Thriving School Psych Thriving Students

Welcome to Developmentally Inappropriate University!

In my other life, when I am not wrestling with issues in urban education, I also work in private practice at a number of private schools. As I’ve said before, every day is a compare/contrast essay in my head. Each day is a new chapter, with new “Wait, what???” moments.

I thought I had heard it all, until I came across a family of a 3-year-old girl, who told me she was a Sophomore.

Me: Wait, what???
Family: Our child is a sophomore at Pre-College.*
Me: Is that a Pre-school?
Family: Yes, she is in her second year there, so she is a sophomore.
Me: (writing down, trying not to judge) Okay then, your 3-year-old is getting ready for her Junior year of Pre-College, got it.

Really? Have we gotten to the point where we are now preparing our 3-year-olds for college already? What’s her major, Fingerpaint Arts? Will she have a minor in Theories of Dollies? I can’t help but wonder if this “College Starts in Utero!” phenomenon is damaging our kids. I see it frequently in the kids I test who are *gasp* average and their schools are pushing inappropriately difficult curriculum on them, so they appear to be failures.

California is notorious for their “Standards Based Curriculum” being shoved into every classroom, and I have to say it can be disheartening for kids to not “meet the standard,” even when the standard is too high for their normal brain development. In California, we like to raise the bar of expectations, and then not give the kids any tools to reach it. Jump, kid! Jump higher than your gross-motor skills allow! Thanks, No Child Left Behind!

Excuse me, while I get down from my soapbox again. Right. So what can we as educators and parents do about it? What do we do when an average kid is doing average and meant to feel “behind”? As a school psychologist, I normalize wanting the best for the student. I share what developmental milestones are typical for that age group, and assuage fears of being behind. I use curriculum-based and standardized testing data to show that 50th percentile is not the same as 50%. If your child scores at the 50th percentile, s/he did better than half of the students who took the test, and that is average. And average is okay. I just hope Pre-College understands that, so my little one doesn’t become a drop-out at age 4.

*Almost the exact name. I don’t like to mock people outright, so I changed it slightly. Still the same “Wait, what???” reaction would come from the real name, I promise.

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Comments on Welcome to Developmentally Inappropriate University!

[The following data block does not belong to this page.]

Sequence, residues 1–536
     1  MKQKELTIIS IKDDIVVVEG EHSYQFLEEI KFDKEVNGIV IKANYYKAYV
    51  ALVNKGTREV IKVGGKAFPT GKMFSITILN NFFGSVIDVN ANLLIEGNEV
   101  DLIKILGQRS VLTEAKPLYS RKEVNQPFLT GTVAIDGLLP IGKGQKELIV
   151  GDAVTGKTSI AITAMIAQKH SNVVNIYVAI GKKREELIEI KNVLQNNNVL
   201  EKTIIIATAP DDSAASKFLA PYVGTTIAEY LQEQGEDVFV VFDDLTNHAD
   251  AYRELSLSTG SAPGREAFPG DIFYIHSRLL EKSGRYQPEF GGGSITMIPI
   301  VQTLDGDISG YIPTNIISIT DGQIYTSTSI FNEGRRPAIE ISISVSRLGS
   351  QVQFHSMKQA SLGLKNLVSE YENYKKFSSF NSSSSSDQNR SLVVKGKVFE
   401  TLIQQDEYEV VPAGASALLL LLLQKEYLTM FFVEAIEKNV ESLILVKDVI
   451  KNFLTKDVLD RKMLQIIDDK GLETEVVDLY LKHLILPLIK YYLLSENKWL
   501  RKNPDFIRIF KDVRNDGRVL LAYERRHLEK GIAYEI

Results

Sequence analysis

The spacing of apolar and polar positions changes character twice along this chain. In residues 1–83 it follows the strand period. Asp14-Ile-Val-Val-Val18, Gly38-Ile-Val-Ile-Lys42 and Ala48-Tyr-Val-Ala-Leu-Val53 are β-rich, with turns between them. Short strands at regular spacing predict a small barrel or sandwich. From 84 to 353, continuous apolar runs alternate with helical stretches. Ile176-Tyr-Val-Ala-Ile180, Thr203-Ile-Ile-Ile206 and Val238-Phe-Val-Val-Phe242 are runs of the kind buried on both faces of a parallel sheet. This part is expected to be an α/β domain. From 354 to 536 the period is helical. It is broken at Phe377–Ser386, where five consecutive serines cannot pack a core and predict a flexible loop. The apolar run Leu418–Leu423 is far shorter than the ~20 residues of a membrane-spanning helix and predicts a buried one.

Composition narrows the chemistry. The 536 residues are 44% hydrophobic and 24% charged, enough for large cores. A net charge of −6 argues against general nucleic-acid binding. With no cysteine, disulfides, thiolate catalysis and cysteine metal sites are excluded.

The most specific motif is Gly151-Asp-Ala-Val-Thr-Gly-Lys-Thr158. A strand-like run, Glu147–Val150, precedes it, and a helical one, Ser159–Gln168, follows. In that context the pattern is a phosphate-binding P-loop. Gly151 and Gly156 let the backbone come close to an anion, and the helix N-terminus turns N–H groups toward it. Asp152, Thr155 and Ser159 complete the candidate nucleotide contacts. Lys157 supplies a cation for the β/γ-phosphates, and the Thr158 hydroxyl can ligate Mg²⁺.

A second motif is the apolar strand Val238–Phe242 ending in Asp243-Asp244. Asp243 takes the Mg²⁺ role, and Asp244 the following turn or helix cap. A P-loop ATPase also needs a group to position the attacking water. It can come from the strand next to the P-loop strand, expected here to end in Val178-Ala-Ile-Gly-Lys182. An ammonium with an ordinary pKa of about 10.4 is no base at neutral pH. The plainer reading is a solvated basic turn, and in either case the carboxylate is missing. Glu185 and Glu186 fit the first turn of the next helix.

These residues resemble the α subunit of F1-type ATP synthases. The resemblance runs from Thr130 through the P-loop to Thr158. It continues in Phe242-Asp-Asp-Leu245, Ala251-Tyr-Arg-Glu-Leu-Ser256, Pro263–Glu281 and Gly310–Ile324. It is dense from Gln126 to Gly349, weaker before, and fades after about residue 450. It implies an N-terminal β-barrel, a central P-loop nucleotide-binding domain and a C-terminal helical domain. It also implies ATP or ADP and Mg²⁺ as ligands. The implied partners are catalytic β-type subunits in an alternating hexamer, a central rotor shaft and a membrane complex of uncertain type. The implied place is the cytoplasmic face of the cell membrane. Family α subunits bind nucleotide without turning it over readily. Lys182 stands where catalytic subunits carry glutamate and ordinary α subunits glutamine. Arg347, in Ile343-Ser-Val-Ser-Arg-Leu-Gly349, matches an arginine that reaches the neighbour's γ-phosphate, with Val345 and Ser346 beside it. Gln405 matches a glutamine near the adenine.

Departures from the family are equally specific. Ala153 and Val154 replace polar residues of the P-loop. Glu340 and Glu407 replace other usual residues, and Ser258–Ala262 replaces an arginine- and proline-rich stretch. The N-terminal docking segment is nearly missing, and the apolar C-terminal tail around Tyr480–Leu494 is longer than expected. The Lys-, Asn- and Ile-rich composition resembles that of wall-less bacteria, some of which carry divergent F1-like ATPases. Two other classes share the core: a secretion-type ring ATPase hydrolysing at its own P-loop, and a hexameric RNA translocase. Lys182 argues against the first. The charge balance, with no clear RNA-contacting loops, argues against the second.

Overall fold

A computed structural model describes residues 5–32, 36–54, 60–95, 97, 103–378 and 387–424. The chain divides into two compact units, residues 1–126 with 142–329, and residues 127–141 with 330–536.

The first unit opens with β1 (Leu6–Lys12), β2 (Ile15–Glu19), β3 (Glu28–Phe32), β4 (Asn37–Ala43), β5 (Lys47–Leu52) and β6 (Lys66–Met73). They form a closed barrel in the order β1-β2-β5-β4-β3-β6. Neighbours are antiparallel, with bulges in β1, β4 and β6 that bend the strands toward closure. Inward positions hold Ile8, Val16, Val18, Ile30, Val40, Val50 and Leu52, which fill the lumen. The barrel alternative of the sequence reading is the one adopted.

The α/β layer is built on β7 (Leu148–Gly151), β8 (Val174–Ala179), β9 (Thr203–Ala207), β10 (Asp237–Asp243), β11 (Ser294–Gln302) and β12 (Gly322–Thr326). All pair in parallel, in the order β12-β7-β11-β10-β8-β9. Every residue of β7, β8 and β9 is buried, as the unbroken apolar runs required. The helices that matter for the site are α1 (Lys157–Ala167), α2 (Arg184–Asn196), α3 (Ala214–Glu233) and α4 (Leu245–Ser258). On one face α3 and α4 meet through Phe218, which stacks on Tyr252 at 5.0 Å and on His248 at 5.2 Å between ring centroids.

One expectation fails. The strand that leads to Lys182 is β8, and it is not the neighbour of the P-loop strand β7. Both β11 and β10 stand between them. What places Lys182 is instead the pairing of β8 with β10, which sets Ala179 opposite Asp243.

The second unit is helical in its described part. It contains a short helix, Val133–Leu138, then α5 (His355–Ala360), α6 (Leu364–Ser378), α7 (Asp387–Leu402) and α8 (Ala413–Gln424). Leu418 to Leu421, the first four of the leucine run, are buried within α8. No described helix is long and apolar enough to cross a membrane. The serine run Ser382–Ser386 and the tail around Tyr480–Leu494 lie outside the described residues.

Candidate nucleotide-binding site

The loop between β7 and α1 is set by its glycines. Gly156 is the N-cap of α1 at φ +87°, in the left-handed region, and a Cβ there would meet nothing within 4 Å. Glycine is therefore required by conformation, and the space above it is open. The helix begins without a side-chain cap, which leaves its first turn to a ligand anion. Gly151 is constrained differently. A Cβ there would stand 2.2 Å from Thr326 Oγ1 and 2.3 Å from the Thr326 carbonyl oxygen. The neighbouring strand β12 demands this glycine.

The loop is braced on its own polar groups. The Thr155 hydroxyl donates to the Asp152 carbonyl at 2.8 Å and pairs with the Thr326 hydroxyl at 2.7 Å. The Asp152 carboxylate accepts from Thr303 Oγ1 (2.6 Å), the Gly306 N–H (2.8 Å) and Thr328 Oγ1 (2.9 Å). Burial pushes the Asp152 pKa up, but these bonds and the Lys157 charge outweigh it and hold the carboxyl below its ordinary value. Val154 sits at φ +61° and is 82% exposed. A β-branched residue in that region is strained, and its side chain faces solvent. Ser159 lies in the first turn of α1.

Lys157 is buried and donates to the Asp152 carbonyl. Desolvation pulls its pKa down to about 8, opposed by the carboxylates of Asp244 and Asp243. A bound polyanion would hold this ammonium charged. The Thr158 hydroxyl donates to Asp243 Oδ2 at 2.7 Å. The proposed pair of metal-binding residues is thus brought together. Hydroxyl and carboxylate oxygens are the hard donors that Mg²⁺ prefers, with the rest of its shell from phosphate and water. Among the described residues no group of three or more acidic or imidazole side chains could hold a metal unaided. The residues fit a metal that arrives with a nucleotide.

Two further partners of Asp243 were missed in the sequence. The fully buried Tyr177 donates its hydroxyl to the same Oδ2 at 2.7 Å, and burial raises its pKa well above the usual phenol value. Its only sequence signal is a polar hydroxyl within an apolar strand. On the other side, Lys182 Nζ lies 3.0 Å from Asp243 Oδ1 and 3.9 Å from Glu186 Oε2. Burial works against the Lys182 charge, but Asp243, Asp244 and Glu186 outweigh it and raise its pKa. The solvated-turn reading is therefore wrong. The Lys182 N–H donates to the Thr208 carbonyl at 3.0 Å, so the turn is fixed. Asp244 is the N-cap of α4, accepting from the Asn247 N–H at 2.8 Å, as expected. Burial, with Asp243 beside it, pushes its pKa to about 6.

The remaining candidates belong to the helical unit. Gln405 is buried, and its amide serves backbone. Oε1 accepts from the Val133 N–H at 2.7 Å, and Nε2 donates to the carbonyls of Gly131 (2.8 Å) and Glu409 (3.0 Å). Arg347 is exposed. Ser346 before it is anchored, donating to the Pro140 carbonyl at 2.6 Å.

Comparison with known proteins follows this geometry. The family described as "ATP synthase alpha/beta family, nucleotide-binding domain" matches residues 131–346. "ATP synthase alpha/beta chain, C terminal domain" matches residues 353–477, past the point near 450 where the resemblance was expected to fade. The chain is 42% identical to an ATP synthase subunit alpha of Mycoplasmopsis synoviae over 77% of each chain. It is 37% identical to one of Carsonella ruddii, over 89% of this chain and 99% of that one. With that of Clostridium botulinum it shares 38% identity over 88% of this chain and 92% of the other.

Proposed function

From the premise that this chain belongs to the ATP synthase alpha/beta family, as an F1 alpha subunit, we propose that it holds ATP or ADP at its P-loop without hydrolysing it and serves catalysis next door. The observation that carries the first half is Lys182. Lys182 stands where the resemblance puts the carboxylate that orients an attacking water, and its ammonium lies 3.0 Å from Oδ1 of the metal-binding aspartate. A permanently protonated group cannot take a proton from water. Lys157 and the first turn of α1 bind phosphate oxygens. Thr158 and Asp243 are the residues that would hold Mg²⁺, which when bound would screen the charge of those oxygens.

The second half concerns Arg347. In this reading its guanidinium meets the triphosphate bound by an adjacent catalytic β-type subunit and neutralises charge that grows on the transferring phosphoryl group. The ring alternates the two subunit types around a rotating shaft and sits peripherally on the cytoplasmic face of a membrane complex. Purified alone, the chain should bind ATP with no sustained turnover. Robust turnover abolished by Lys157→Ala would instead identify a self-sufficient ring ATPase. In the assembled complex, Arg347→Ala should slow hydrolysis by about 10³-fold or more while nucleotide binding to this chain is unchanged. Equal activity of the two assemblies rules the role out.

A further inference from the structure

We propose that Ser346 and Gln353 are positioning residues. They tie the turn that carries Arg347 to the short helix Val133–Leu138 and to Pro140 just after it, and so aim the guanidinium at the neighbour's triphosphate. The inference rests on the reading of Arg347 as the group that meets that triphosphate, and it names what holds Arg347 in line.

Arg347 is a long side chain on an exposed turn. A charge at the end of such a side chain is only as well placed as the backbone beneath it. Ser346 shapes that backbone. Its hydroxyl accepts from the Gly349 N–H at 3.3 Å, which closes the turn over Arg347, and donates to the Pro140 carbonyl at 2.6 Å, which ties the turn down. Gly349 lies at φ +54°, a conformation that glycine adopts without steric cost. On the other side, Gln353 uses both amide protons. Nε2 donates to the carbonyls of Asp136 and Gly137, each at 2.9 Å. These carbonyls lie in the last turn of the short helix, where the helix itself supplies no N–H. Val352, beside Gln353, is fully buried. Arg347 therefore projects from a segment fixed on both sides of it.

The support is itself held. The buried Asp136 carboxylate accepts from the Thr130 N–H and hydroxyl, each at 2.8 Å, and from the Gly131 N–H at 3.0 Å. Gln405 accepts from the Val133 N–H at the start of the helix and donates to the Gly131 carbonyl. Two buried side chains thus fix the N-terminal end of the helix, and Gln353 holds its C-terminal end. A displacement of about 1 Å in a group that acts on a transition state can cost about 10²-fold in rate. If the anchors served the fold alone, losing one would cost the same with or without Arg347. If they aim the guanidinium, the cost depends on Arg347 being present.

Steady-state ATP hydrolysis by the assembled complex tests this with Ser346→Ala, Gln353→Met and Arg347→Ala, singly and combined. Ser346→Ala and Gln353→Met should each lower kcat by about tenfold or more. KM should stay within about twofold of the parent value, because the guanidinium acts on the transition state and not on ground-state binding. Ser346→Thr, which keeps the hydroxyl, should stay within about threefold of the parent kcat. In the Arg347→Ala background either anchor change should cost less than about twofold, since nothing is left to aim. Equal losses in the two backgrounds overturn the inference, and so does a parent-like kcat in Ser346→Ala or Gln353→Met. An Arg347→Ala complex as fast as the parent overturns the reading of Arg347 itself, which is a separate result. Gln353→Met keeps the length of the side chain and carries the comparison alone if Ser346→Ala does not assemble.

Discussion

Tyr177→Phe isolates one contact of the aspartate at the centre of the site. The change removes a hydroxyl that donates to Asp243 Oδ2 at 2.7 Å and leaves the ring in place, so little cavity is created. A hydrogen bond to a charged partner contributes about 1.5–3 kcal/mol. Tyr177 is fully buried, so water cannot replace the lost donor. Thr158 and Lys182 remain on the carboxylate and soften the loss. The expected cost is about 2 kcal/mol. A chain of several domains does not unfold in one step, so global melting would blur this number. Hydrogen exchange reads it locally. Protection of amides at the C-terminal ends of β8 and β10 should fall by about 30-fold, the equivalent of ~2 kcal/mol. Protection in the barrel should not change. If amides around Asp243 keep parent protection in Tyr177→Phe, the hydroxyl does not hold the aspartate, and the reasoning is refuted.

1. “In California, we like to raise the bar of expectations, and then not give the kids any tools to reach it.”

    I’m sufficiently boggled by the concept of a sophomore in pre-college to be speechless, but I had to recover my voice to yell my agreement with your above statement.

    Last year our board approved a 12th grade reading level science book for a ninth grade science class because the majority wanted to “challenge” the kids.

    Only one other board member agreed with me that we could challenge the students with curriculum, but the textbook was a tool, not an obstacle! Some folks have difficulty knowing which bar to raise.

    It was a $103.000 mistake.

    The happy ending is that folks realized their mistake, and we all listen to each other a little closer now.

  2. Don’t you know… my child is a graduate magna cum laude from yale… and she isnt even born yet.


    I applaud that California has standards. In my state, the standards are so low, children are so used to performing mediocre as are teachers. There is no pride in schools and there are always complaints about how our schools don’t make AYP – Adequate Yearly Progress. But here there are no consequences for the actions until they have failed to reach AYP for 3+ years, then the gov’t steps in and takes over. We all KNOW how thats going to end!

  3. Kelley, fellow Berkeley cohort says:

    Amen! We see the same things in NC. The teachers are disgusted by the achievement test protocols I administer because the material is so much “easier” than what they are required to do in class. And what about the children who have low cognitive abilities and are in life skills classes and are still expected to be “exposed to” grade-level curricular concepts and, in some cases, be tested on them??
    I know I should not introduce the political into your educational blog, but did you hear Obama utter the words “early childhood education” and “importance” in the same sentence?? Crossing my fingers that doesn’t get lost in the economy and alternative energies…..

  4. @Hugh: I’d have put Russian textbooks in front of the board and asked them to read them and write an essay “for a challenge!” to illustrate the point. 🙂

    @Bus Driver: Congrats on your gifted unborn child!


    Let’s just hope the early childhood education isn’t shoving more curriculum at the toddlers! 😉

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